Tailor is a layout service created by the Zalando team as a part of Project Mosaic which provides a set of libraries that allow frontend developers to decompose monolith applications in the way backend developers split systems into microservices. The libraries also define components interaction and support website scalability.
It's hard to say and calculate how many phones and computers are currently connected to the internet, considering the IoT devices that number is probably significantly bigger. The amount of physical users also grows every day, and some of them are currently having a bunch of devices with internet access.
Distributed systems have been around for a while. Since like 1970s we’ve been building applications with large scale in mind, and large availability. We went even more in that direction since the Internet Bubble around ‘95 and we still carry on. Then, at the beginning of 2010s, the microservices happened. “Fine grained SOA", how Adrian Cockcroft, former director for the Cloud Systems at Netflix described them, took over the development world.
It is impossible nowadays to not hear about microservices. It’s so “buzzy” word that everyone is talking, writing and thinking about it – either developers and managers. In this blogpost I’d like to focus on some useful cases concerning Python & Microservices altogether.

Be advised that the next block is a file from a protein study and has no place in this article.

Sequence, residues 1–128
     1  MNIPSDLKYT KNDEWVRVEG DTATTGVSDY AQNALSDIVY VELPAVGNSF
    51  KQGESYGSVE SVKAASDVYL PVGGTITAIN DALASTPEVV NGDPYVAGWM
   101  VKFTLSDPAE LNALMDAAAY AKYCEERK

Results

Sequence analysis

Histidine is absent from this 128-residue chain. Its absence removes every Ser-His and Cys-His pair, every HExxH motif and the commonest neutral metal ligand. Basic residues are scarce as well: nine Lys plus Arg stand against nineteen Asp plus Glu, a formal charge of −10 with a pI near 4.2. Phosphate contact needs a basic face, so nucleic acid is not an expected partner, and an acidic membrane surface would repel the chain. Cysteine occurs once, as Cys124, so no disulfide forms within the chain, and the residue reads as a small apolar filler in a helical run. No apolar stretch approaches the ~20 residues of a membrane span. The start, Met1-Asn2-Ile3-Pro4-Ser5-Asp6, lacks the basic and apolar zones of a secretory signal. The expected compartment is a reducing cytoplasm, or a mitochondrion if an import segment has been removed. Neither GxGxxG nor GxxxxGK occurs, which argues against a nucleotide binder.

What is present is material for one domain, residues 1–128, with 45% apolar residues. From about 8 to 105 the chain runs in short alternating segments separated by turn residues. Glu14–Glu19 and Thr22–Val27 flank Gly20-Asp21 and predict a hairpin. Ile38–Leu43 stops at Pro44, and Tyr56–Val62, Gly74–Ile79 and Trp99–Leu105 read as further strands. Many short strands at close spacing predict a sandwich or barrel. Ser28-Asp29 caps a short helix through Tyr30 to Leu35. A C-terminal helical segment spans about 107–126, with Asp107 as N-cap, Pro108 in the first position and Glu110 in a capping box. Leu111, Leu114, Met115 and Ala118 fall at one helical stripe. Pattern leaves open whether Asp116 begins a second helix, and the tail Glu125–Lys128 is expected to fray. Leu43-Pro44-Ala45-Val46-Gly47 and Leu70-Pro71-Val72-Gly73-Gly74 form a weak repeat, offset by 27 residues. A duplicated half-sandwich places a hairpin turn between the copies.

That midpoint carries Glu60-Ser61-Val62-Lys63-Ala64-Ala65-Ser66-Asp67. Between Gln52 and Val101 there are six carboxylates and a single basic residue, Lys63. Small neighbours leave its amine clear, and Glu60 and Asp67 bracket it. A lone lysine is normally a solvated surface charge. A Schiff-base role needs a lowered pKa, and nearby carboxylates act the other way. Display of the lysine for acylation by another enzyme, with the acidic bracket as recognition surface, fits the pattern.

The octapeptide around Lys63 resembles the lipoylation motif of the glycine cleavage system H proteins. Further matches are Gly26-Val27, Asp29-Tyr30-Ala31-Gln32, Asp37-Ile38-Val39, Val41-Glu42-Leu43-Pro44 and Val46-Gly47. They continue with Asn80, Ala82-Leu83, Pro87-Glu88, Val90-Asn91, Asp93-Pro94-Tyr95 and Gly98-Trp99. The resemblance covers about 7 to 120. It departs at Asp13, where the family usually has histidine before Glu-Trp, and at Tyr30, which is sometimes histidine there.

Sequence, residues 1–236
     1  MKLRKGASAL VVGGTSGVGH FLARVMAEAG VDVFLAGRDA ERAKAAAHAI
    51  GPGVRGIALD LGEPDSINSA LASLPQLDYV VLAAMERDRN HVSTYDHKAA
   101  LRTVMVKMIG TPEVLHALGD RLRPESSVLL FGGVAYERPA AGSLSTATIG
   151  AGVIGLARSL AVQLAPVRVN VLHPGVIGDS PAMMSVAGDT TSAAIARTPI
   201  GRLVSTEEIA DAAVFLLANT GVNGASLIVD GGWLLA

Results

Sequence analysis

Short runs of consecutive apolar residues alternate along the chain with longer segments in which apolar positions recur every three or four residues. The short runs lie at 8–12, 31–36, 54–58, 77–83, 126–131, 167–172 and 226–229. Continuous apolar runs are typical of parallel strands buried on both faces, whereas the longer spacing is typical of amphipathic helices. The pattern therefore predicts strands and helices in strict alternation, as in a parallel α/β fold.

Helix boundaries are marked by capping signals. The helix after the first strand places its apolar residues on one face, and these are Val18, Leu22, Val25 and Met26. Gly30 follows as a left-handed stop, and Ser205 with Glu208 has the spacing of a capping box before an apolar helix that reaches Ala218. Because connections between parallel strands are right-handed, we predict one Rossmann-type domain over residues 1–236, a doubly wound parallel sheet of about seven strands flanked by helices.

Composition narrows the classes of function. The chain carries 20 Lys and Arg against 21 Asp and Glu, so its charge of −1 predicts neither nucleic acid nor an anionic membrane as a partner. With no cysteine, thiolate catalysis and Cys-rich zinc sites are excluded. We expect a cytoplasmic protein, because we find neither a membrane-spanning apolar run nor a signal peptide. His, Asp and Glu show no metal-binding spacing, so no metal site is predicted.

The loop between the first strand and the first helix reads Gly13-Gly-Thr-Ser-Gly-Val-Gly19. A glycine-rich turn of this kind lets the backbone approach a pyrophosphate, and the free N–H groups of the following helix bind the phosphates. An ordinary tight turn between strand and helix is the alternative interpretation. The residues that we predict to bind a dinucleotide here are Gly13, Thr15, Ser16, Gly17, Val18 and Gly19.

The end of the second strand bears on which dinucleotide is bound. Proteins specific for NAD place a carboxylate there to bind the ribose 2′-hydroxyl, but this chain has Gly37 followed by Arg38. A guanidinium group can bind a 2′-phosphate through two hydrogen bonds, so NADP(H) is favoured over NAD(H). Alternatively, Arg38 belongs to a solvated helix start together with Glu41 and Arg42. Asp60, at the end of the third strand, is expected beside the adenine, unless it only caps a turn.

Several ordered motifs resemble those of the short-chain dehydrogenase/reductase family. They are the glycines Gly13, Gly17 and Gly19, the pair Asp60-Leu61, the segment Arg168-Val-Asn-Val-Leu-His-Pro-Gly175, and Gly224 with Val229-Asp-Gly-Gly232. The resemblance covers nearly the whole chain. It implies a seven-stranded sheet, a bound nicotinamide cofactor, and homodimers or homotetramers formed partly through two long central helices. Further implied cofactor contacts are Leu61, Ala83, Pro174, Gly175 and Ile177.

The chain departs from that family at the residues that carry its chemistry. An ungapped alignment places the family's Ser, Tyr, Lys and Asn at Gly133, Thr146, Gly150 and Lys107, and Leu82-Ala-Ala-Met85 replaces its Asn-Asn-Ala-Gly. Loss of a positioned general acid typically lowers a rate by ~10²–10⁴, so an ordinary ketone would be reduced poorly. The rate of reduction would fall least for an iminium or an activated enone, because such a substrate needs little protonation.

In today buzzword-oriented world, you don’t spend all of your precious time following all of the latest technologies. When creating APIs, you rarely think twice - obviously REST is your best friend. But have you ever heard about companies like Google or Dropbox? I bet you did. They’ve considered this problem in a different way. So did we, in our last project for a Berlin startup. We decided to use gRPC instead of REST and I would like to tell you why.
The microservices architecture is definitely one of such trendy solutions that is widely considered, especially in new projects. Is it worth trying and what kind of advantages and drawbacks does it have? Let’s see.